Patrick J. Naughton, the former leader of Walt Disney Co.'s online efforts who last week was arrested on sex charges by the FBI, couldn't seem to avoid undercover agents in the seedy chat rooms he is accused of frequenting.
Just last month, he had at least two undercover agents competing for his virtual affections. Both were posing as 13-year-old girls from Los Angeles, and both were coyly traipsing through a chat room known to be a place where older men solicit underage girls like wolves trolling for Little Red Riding Hoods.
FBI officials say it's possible he was also unwittingly carrying on with undercover agents from other FBI offices around the country. Hundreds of officers conduct identical stings every day on behalf of agencies ranging from the U.S. Customs Service to the Redondo Beach Police Department.
Whether the Internet has truly spawned more pedophiles, molesters and other sexual predators is debatable. But there is little doubt that the Internet has become law enforcement's favorite tool for catching them.
Agents posing as teens almost certainly outnumber actual teens in many of the Internet's seedier chat rooms these days. And though would-be sexual predators are surely aware of this ploy, the number of them stepping into these digital traps continues to soar.
The 34-year-old Seattle resident is just one of roughly 230 suspects nationwide targeted by the FBI for alleged attempts to solicit sex from minors just in the past six months.
Earlier this week, charges were filed against an El Toro High School math teacher and longtime wrestling coach alleging that he used the Internet to arrange a meeting for sex with a person he thought was a 13-year-old girl.
Enoch "Jerry" Jarrett, 50, was arrested last week by the FBI's Sex Assault Felony Enforcement team, a spokeswoman said. He is free on a $50,000 bond and is set to be arraigned Oct. 7 in West Los Angeles Municipal Court.
The 230 cases are more than double the number from all of last year, illustrating the growth in the Internet as a hangout for sexual predators.
Heavy Online Focus, Offline Problem
No one argues that trying to protect children from online predators is not worth the effort. But given that only a small fraction of molestation victims meet their molesters on the Internet, some children's advocates and legal experts wonder whether the heavy online focus is out of proportion to what is still mainly an offline problem.
"In the past 10 years we've handled about 4,000 cases" of sexually abused children, said Erin Sorensen, director of a children's advocacy center in Chicago. "Maybe five of them were molested by people they first met on the Internet."
Agencies in Southern California and elsewhere report similar statistics. Perhaps the percentage of cases involving Internet contacts will climb as more households go online. But experts say the overwhelming majority of child molestation crimes will probably always be committed by relatives, coaches, church leaders and other adults who hold positions of trust in children's lives.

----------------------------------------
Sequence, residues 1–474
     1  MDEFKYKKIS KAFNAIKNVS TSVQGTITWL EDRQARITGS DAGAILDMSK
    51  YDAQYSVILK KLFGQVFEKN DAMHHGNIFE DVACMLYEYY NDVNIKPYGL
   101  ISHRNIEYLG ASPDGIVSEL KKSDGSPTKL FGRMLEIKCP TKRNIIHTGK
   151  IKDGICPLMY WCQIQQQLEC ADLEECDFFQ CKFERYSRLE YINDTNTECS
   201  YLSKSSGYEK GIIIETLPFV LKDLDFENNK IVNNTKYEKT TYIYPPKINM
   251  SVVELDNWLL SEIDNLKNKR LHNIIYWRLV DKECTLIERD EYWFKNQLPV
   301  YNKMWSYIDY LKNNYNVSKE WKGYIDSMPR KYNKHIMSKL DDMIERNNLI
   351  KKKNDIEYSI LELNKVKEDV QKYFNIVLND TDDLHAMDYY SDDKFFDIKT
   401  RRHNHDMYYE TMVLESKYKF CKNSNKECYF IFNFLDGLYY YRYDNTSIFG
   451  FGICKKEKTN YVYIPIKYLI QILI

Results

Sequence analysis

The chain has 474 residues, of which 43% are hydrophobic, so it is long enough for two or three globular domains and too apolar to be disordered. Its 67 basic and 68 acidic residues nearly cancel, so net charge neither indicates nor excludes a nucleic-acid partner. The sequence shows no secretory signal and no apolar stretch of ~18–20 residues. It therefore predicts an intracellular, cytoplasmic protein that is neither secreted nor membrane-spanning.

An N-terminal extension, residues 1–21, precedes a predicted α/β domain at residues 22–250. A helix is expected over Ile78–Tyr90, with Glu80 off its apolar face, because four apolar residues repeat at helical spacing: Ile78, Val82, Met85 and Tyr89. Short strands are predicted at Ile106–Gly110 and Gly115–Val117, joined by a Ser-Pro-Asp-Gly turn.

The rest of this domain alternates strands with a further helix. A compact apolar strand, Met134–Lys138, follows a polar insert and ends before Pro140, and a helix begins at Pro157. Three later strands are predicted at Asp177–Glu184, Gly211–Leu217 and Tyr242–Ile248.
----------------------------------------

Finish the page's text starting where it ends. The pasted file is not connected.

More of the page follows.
Internet cases "play on people's fears," Sorensen said. "You go to any conference on sex abuse these days and the heaviest attended workshops will be on sexual molestation and the Internet. But children are still at the most risk in their own homes."
Law enforcement leaders say they understand that and place a high priority on prosecuting adults who abuse children at home, in school or other community settings. The trouble is it's often impossible to spot those situations before it's too late.
"You can't walk down a street and ask people, 'Are you interested in having sex with children?' " said Patricia Donahue, an assistant U.S. attorney in Los Angeles who prosecutes child exploitation cases.
But on the Internet, suspects practically identify themselves by flocking to chat rooms whose names clearly indicate a sexual preoccupation with children.
In the Naughton case, for instance, Agent Bruce Applin merely logged on posing as a teenage girl and electronically strolled into the chat area frequented by adult men seeking underage girls.
At 3:39 p.m., Applin said, he received a private message from Naughton, who called himself "Hotseattle" and said he was interested in meeting to "kiss, make out, and play and stuff."
After six months of online flirting, Naughton was arrested at the Santa Monica Pier on Sept. 16 after showing up for what authorities say he thought was going to be a sexual rendezvous with his online correspondent.
Naughton could not be reached for comment.
Merely chatting on the Net about sex is not illegal. But under a 1994 federal law, it is a crime to travel from one state to another with intent to have sex with a minor. Naughton faces up to 15 years in prison if convicted.
Compared to other types of criminal investigations, such as banking fraud or drug smuggling, running Internet sex stings is almost effortless.